Monday, May 31, 2010

Detroit, Necropolis Reborn - A Video by Chris Hume

House With a Message, Heidelberg Project, DetroitImage by cleopatra69 via Flickr

At the age of 18, I left Detroit to seek my fortunes on the West Coast. My father, a man who was born and died in the environs of Detroit, used to say, "You couldn't get out fast enough." I know he was proud of me and my accomplishments in life, because he told me so before he passed. I also know that he would have loved it if I had visited Detroit a little more often.

As the years swept by, I did visit my family every once in a while, and each time I would come away with more of an appreciation of Detroit and all that it has to offer. The culture cannot be beaten. Look at all the artists to whom Motown gave birth. Smokey Robinson, Gladys Knight & the Pips, The Jackson Five, Lionel Ritchie, The Supremes, Aretha Franklin and the list goes on. And because I think of "Motown" as synonymous with "Detroit," let's add Madonna, Sonny Bono, Alice Cooper, Eminem and Jack White. And those are just the musicians.

Detroit also boasts this amazing art installation created by Tyree Guyton in the Heidelberg neighborhood which has turned that actual neighborhood into a piece of "found art."

Clint Eastwood went to Detroit to film his fabulous movie, "Gran Torino." My father grew up in a house a lot like that of Walt, the character played by Clint.

I came across this little video which is Part 9 in a series of videos by Chris Hume called "Red State Road Trip 2." If you still have the wrong idea about Detroit, maybe you should take a look and see how Michiganders are plotting to set Detroit free of its decaying corporate bonds (that is happening naturally) and turn it into the first green sustainable city in the USA, a 21st century model for all other cities now experiencing the economic crumbling that Detroit has suffered for the last few decades.

Detroit - Once a 20th century industrial dynamo, now an 18th century rural society? Pheasants and deer wander among the rusting towers and ruined factories as nature reclaims this mighty American metropolis. Even more shocking: there is not a single supermarket in all of Detroit. In this episode, the remaining citizens of Detroit are turning this industrial wasteland... into a life giving urban garden.


Detroit, Necropolis Reborn - A Video by Chris Hume and Amy Sunshine Moon
Reblog this post [with Zemanta]

Thursday, May 27, 2010

To All the Kids Who Survived the 1930's, 40's, 50's, 60's and 70's!!




I know this has been floating around the Internet for a few years, but it totally illustrates my point about how much fun it was to grow up in the mid 20th century. And really, I could not have said it better myself!
-------------------------------





First, we survived being born to mothers who smoked and/or drank while they were pregnant.

They took aspirin, ate blue cheese dressing, tuna from a can and didn't get tested for diabetes.

Then after that trauma, we were put to sleep on our tummies in baby cribs covered with bright colored lead-based paints.

We had no childproof lids on medicine bottles, locks on doors or cabinets and when we rode our bikes, we had baseball caps, not helmets, on our heads.

As infants & children, we would ride in cars with no car seats, no booster seats, no seat belts, no air bags, bald tires and sometimes no brakes.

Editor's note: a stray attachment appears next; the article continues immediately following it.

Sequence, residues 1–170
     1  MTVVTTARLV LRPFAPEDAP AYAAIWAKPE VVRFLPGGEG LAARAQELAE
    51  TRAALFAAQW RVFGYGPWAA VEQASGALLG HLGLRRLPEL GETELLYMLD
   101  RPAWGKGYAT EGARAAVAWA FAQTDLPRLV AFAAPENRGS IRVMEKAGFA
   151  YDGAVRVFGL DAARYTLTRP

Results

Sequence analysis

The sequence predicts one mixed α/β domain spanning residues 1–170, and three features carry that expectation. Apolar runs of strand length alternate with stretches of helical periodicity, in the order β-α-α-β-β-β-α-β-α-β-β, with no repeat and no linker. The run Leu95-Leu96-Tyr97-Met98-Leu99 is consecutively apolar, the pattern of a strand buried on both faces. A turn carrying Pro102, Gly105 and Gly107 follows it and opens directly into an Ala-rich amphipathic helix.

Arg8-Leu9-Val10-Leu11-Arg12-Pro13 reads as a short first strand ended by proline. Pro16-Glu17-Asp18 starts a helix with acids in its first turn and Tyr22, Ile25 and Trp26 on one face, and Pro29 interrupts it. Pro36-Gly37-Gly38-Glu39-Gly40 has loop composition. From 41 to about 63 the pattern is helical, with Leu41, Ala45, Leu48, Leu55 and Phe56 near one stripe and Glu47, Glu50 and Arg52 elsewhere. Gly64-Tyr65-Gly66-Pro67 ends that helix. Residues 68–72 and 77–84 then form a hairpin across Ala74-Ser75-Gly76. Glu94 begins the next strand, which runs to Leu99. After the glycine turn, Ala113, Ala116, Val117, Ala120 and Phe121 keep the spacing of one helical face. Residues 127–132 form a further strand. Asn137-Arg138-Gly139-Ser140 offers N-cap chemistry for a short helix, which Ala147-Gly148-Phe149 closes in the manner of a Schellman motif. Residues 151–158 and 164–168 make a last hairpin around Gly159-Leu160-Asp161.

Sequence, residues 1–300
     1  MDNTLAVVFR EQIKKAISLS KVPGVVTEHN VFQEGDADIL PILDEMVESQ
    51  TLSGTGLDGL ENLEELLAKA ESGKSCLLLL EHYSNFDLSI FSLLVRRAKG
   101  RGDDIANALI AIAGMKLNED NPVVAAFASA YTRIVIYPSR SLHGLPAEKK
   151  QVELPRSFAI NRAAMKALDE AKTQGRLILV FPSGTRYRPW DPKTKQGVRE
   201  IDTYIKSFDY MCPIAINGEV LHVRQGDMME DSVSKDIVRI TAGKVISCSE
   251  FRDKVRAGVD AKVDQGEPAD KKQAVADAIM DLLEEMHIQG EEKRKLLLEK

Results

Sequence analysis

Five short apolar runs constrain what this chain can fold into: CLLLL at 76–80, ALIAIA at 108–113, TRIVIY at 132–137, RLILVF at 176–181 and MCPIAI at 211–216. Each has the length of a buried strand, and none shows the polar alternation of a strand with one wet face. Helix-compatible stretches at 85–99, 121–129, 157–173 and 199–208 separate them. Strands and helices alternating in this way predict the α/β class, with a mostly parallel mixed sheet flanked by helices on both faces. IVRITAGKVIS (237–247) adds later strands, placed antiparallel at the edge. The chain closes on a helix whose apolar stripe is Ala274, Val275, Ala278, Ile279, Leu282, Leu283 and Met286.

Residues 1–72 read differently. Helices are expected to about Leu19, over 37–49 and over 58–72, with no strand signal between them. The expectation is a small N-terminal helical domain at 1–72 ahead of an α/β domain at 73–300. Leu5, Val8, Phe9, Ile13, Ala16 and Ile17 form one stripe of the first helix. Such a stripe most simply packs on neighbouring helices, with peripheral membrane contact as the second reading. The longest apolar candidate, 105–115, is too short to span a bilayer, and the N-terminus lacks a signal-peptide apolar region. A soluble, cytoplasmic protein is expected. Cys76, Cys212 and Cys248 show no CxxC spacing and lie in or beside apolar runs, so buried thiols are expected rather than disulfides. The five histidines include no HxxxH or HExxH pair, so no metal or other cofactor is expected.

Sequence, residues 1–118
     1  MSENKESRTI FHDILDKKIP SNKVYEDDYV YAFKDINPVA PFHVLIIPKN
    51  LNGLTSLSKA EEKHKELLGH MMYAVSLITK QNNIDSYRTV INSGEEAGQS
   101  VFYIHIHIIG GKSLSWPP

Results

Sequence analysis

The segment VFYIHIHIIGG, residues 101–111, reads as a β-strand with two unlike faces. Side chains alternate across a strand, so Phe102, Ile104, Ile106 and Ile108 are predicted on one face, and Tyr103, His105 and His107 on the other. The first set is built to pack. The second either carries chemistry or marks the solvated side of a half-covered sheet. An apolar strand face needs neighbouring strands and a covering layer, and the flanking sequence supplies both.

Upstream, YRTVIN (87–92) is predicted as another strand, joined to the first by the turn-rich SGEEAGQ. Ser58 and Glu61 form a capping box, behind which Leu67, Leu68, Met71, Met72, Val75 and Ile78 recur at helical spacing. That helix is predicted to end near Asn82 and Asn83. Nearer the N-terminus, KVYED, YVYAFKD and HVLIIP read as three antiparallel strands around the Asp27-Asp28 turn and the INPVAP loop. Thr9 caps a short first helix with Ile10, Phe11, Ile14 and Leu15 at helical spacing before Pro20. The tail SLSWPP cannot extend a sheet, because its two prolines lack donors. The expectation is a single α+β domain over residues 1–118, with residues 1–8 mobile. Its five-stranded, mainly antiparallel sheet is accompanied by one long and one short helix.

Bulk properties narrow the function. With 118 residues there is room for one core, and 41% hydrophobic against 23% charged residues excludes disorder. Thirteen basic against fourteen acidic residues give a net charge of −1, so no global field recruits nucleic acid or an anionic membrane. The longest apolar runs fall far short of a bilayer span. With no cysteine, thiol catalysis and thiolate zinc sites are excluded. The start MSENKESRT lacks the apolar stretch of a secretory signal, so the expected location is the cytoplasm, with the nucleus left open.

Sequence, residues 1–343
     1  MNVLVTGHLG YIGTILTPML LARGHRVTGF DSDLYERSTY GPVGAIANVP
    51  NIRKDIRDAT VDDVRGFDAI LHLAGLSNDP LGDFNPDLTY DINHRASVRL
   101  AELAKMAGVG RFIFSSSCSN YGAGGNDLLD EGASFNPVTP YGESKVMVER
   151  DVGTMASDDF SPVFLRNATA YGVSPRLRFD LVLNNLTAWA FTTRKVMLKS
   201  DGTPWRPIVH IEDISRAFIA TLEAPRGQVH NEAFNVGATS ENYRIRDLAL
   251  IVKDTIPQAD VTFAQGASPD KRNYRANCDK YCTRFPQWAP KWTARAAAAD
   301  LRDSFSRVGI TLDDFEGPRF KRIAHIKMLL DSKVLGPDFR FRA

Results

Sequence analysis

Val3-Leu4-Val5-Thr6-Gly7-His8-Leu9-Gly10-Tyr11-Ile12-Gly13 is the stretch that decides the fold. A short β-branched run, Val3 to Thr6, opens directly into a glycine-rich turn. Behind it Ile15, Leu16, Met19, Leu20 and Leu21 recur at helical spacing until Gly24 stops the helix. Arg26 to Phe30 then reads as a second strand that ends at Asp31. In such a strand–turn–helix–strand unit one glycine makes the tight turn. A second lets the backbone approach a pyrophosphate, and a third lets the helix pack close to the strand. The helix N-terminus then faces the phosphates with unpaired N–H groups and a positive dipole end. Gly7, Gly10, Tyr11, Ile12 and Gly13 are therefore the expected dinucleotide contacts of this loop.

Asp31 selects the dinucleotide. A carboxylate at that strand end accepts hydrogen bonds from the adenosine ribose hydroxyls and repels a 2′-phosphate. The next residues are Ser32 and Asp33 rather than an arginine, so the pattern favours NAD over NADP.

Riding in the back of a pick-up truck on a warm day was always a special treat.

We drank water from the garden hose and not from a bottle.

We shared one soft drink with four friends, from one bottle and no one actually died from this.

We ate cupcakes, white bread, real butter and bacon.
We drank Kool-Aid made with real white sugar.
And, we weren't overweight.
WHY?

Because we were always outside playing...that's why!

We would leave home in the morning and play all day, as long as we were back when the streetlights came on.

No one was able to reach us all day. And, we were O.K.

We would spend hours building our go-carts out of scraps and then ride them down the hill, only to find out we forgot the brakes. After running into the bushes a few times, we learned to solve the problem.
We did not have Playstations, Nintendo's and X-boxes.
There were no video games, no 150 channels on cable, no video movies or DVD's, no surround-sound or CD's, no cell phones, no personal computers, no Internet and no chat rooms.
WE HAD FRIENDS and we went outside and found them!

We fell out of trees, got cut, broke bones and teeth and there were no lawsuits from these accidents.

We ate worms and mud pies made from dirt, and the worms did not live in us forever.

We were given BB guns for our 10th birthdays, made up games with sticks and tennis balls and, although we were told it would happen, we did not put out very many eyes..

We rode bikes or walked to a friend's house and knocked on the door or rang the bell, or just walked in and talked to them.

Little League had tryouts and not everyone made the team.
Those who didn't had to learn to deal with disappointment. Imagine that!!

The idea of a parent bailing us out if we broke the law was unheard of. They actually sided with the law!

These generations have produced some of the best risk-takers, problem solvers and inventors ever.

The past 50 years have been an explosion of innovation and new ideas.
We had freedom, failure, success and responsibility, and we learned how to deal with it all.

If YOU are one of them?
CONGRATULATIONS!
You might want to share this with others who have had the luck to grow up as kids, before the lawyers and the government regulated so much of our lives for our own good.

While you are at it, forward it to your kids so they will know how brave and lucky their parents were.

Kind of makes you want to run through the house with scissors, doesn't it ?